Images de page
[blocks in formation]

body, jumpings up and down, the snapping of one's fingers, the blowing of one's breath, and even the rolling upon one's back, are all among the many methods of primitive man's salutations and obeisances (See, e. g., Spencer's Principles of Sociology, II., 16-19). But, even where hand clasping is unknown in salutation, it is recognized as a symbol of the closest friendship. Thus, for example, among tribes of North American Indians where nose-rubbing is the mode of salutation, there is, in their widely diffused sign language, the sign of clasped, or inter-locked, hands, as indicative of friendship and union. (First An. Rep. of Bureau of Ethnol., pp. 385 f., 521, 534 f.) So again, similarly, in Australia (Ibid., citation from Smith's Aborigines of Victoria, II., 308). In the Society Islands, the clasping of hands marks the marriage union, and marks a loving union between two brothers in arms; although it has no place in ordinary greetings (Ellis's Polyn. Res., II., II., II, 492, 569).

again, in other primitive lands.

And so,

There seems, indeed, to be a gleam of this thought in Job 17: 3:

"Give now a pledge, be surety for me with thyself;

Who is there that will strike hands with me?"


The Hebrew word taq'a (VP)1 here translated "strike," has also the meaning "to pierce " (Judg. 4: 21) and "to blow through," or "to drive through" (Num. 10: 3); and Job's question might be freely rendered: Who is there that will pierce [or that will clasp pierced] hands with me, in blood-friendship? Thus, suretyship grew out of blood-covenanting.

Again, in Zechariah 13: 6, where the prophet foretells the moral reformation of Judah, there is a seeming reference to the pierced hands of blood-friendship. When one is suspected of being a professional prophet, by certain marks of cuttings between his hands, he declares that these are marks of his blood-covenant with his friends. "And one shall say unto him, What are these wounds [these cuttings] between thine hands? Then he shall answer, [They are] these [cuttings] with which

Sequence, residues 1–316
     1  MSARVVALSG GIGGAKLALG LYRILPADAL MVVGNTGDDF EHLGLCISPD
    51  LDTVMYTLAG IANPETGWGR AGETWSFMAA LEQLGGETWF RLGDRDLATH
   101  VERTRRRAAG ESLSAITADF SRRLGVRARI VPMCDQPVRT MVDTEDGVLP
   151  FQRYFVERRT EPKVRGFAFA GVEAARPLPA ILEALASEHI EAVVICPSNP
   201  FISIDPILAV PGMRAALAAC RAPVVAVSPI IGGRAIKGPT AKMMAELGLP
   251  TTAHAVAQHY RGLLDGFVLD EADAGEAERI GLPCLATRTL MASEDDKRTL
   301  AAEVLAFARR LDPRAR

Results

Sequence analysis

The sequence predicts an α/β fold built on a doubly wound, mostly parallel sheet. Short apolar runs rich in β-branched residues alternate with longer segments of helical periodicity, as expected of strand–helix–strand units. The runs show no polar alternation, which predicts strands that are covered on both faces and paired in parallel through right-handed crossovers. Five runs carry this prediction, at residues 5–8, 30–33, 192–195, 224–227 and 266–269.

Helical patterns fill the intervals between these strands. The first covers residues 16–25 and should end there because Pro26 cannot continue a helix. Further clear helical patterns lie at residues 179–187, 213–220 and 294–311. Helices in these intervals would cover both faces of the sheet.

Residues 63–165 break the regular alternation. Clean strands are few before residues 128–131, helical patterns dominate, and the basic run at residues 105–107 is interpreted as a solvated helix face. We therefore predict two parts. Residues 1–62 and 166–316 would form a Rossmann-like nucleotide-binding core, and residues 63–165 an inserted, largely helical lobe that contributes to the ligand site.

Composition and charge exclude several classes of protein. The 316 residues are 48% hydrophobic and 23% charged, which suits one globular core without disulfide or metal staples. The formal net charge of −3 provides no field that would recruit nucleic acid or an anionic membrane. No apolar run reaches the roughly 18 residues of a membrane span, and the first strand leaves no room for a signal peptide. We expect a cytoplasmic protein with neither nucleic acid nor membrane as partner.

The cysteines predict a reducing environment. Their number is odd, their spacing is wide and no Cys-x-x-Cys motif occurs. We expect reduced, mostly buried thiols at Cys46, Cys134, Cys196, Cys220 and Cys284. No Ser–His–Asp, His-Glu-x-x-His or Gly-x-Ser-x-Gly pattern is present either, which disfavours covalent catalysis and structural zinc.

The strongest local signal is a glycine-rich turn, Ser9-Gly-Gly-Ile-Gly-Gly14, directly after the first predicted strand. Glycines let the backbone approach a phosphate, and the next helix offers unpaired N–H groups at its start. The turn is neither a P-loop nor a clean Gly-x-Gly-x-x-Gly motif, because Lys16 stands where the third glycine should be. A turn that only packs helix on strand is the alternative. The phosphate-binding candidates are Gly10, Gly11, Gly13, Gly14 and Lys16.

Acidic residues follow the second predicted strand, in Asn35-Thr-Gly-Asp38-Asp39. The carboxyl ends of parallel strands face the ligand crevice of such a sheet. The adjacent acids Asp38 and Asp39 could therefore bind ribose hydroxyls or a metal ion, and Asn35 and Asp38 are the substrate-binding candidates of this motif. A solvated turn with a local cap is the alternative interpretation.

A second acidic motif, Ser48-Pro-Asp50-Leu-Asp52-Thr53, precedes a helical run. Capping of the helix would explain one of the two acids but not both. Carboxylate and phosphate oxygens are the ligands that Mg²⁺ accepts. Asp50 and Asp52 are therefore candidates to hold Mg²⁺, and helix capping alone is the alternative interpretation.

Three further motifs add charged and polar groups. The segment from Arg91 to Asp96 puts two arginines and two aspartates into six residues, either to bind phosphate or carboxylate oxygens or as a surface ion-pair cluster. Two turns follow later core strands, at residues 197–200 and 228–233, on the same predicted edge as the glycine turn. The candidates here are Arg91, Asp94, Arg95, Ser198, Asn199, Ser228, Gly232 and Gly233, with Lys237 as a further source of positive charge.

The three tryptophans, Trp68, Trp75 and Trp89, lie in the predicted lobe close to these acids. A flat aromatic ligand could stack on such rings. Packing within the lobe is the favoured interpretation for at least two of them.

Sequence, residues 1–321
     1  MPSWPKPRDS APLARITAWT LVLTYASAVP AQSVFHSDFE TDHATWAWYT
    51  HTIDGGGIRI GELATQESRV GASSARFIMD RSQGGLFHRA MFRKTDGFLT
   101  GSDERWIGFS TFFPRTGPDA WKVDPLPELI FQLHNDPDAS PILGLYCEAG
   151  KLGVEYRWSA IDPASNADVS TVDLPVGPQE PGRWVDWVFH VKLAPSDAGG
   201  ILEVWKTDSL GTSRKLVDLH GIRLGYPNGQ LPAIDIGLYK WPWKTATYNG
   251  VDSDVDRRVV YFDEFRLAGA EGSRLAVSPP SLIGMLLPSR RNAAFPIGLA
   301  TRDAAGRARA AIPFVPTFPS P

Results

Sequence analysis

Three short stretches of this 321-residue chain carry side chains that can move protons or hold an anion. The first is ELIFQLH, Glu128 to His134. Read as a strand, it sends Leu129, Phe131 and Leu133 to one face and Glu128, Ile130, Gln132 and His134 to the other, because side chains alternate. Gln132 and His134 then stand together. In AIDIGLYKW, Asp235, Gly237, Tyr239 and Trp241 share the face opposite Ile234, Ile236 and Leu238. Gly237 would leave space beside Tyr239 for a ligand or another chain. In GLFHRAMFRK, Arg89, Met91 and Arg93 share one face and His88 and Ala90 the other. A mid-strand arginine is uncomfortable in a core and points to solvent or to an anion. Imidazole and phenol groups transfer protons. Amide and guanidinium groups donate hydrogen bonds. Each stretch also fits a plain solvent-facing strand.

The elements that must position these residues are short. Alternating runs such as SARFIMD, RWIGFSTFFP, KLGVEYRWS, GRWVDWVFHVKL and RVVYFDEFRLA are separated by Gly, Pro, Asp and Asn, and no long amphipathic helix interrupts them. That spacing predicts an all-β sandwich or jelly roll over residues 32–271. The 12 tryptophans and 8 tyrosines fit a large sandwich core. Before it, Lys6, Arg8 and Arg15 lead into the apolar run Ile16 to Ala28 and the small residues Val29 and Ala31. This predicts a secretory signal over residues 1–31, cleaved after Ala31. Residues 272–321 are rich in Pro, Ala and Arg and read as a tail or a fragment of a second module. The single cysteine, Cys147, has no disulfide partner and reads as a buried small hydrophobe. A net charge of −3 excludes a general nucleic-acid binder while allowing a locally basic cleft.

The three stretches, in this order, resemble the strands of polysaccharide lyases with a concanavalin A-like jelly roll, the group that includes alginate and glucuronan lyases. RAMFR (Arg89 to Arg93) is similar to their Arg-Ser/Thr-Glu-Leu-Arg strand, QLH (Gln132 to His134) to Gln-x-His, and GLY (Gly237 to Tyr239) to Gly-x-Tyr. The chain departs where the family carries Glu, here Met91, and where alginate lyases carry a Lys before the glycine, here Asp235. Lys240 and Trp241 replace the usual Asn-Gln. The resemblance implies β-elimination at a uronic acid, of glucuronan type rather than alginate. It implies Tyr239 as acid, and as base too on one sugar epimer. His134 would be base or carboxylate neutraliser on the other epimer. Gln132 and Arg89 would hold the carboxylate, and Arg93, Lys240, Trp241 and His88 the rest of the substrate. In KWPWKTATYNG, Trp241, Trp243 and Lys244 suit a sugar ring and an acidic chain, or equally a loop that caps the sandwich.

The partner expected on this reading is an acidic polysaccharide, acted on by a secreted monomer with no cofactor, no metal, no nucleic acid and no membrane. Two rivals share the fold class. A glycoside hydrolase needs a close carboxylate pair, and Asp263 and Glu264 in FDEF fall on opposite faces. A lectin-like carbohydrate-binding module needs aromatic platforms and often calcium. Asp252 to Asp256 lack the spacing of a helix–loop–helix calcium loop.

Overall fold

1 Is there any correspondence between this word, tag'a, and the Hindoo word tika (the blood-mark on the Rajput chief), referred to at page 137, supra?

I was wounded [or stricken, or pierced] in the house of my friends [in the covenant of friendship]." If, indeed, the translation of the Revisers, "between thine arms," were justified, the cuttings would still seem to be the cuttings of the blood-covenant (See pages 13, 45, supra).

It is a noteworthy fact, that among the Jews in Tunis, near the old Phoenician settlement of Carthage, the sign of a bleeding hand is still an honored and a sacred symbol, as if in recognition of the covenantbond of their brotherhood and friendship. "What struck me most in all the houses," says a traveler (Chevalier de Hesse-Wartegg) among these Jews, "was the impression of an open bleeding hand, on every wall of each floor. However white the walls, this repulsive [yet suggestive]

sign was to be seen everywhere."

How many times, in the New Testament epistles, does the idea show itself, of an inter-union of lives, between Christ and his disciples, and between these disciples and each other. "We, who are many, are one body in Christ, and severally members one of another" (Rom. 12: 5). "We are members of his body" (Eph. 5: 30). "We are members one of another" (Eph. 4: 25). "Know ye not that your bodies are members of Christ?" (1 Cor. 6: 15). "Ye are the body of Christ, and severally [are] members thereof" (I Cor. 12: 27).